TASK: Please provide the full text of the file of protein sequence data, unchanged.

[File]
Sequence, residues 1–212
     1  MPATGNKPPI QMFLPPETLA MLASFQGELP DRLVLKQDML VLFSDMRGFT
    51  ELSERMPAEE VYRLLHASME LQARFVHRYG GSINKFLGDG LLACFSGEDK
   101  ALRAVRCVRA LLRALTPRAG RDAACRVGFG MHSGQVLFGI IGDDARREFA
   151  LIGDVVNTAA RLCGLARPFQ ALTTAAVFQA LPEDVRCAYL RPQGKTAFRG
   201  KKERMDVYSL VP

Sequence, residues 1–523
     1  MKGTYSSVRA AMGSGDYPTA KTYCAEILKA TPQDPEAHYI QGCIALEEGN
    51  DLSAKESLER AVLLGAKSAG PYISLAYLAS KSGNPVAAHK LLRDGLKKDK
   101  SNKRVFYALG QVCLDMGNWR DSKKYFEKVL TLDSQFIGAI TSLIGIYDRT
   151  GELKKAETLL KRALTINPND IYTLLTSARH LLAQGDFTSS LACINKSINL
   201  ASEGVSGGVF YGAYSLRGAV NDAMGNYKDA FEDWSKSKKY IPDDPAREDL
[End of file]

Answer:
Sequence, residues 1–212
     1  MPATGNKPPI QMFLPPETLA MLASFQGELP DRLVLKQDML VLFSDMRGFT
    51  ELSERMPAEE VYRLLHASME LQARFVHRYG GSINKFLGDG LLACFSGEDK
   101  ALRAVRCVRA LLRALTPRAG RDAACRVGFG MHSGQVLFGI IGDDARREFA
   151  LIGDVVNTAA RLCGLARPFQ ALTTAAVFQA LPEDVRCAYL RPQGKTAFRG
   201  KKERMDVYSL VP

Sequence, residues 1–523
     1  MKGTYSSVRA AMGSGDYPTA KTYCAEILKA TPQDPEAHYI QGCIALEEGN
    51  DLSAKESLER AVLLGAKSAG PYISLAYLAS KSGNPVAAHK LLRDGLKKDK
   101  SNKRVFYALG QVCLDMGNWR DSKKYFEKVL TLDSQFIGAI TSLIGIYDRT
   151  GELKKAETLL KRALTINPND IYTLLTSARH LLAQGDFTSS LACINKSINL
   201  ASEGVSGGVF YGAYSLRGAV NDAMGNYKDA FEDWSKSKKY IPDDPAREDL